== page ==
A vote against sensationalism, Britart and public opinion
Wednesday 01 December 1999
It is not usual for the Turner Prize to generate a clear popular favourite. But this year it did. You only had to visit the shortlist show at the Tate Gallery to see that. The Tracey Emin Experience section attracted far and away the largest and most lingering audiences. Add to that the extravagant media attention generated by her messy bed installation, and one might say that Emin had won de facto, whatever the jury decided.
And - as far as the prize matters at all, and just for the glee of it - I would have liked Emin to win too. Besides, amid all her general me- splurge, she occasionally makes a work that touches a nerve.
I am not sure that can be said for the films and videos of Steve McQueen. It is work that "works" but does not much grip. It tends to make the viewer wonder whether it will be all right to leave quite soon; to wonder also whether one has actually seen a piece of work, or simply read a comprehensive description of it.
I am not sure, for instance, whether or not I have see McQueen's Drumroll, made in 1998. For this, he fitted out a barrel with three cameras and rolled it - filming - through the streets of Manhattan. Pedestrians, traffic, buildings, the artist, appear turning and revolving. Nice idea. Works.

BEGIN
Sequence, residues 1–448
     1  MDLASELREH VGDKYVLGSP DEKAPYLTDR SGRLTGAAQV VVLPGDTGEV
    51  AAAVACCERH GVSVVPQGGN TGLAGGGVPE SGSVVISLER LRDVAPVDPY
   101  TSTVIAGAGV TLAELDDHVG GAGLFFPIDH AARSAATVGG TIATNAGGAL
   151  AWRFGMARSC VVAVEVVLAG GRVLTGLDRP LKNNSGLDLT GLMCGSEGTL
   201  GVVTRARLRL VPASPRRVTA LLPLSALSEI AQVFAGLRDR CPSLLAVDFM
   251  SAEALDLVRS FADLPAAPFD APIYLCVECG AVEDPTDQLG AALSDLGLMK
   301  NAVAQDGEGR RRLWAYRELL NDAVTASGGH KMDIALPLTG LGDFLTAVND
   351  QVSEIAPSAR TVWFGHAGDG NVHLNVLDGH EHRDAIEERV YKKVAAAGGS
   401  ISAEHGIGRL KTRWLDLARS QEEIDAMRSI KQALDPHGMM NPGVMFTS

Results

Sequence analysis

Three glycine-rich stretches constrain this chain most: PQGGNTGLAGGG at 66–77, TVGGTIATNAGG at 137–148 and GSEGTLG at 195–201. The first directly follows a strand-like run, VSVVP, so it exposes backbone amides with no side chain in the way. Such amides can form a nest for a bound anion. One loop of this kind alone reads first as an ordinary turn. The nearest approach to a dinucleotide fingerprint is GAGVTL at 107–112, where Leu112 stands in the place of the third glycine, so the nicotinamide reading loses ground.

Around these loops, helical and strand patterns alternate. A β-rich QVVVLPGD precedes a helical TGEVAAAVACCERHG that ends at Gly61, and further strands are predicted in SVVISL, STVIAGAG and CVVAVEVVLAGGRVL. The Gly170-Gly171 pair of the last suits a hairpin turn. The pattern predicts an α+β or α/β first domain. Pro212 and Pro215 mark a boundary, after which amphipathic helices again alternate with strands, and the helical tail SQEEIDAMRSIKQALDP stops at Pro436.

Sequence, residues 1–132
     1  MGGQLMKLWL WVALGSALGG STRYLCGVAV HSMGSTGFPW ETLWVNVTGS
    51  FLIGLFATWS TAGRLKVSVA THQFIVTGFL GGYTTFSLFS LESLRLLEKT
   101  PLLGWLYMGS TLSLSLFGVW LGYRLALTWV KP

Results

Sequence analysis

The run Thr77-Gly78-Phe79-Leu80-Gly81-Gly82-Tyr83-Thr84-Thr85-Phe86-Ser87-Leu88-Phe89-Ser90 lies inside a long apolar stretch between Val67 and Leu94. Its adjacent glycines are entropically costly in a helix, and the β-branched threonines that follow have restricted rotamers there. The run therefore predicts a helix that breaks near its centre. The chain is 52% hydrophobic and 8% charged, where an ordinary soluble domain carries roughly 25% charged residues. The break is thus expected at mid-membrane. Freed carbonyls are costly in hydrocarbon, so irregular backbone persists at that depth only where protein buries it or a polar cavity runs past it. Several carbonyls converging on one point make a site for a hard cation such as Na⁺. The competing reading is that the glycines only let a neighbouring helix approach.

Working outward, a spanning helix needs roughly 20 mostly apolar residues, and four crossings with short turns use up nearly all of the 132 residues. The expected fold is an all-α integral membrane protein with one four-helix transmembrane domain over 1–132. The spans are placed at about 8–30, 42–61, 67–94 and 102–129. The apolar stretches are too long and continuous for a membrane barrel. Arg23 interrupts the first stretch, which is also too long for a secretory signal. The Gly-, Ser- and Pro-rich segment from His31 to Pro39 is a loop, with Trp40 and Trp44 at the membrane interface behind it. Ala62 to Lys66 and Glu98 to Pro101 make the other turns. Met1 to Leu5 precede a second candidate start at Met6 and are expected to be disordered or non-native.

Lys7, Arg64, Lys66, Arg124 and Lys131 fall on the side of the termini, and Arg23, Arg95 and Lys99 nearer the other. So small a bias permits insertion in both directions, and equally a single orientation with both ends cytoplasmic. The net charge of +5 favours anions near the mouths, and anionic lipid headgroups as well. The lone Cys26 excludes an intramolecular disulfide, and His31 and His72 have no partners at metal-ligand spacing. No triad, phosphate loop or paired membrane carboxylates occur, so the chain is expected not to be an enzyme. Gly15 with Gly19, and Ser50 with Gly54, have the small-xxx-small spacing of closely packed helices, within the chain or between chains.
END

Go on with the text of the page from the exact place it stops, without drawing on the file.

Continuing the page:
McQueen's main piece in the Turner Prize show is Deadpan (1997). This is a re-staging of a famous bit of Buster Keaton slapstick from Steamboat Bill Jnr. You know the drill: the front of a house tips forward and should fall straight on him, but he is standing just where an open window is, so he escapes unflattened, untouched.
The artist stands in for Keaton, stock still and with an expression that I think is meant to be "impassive", but ends up more "self-important". And the house front falls, over and over, shot from different angles, in silence.
The point, and, indeed, the effect, is to do the joke so that it ceases to be a joke, to bring out its spatial qualities, and to give the sequence a darker sense of danger and survival. But (a) the gag had these spatial qualities anyway and (b) the idea is inherently funny, so to redo it unfunny is gratuitously arty.
And the jury's choice is probably more interesting for the message it sends. You have had your kicks. But remember that contemporary art has also a perennial strain of dullness. Time it had its due.
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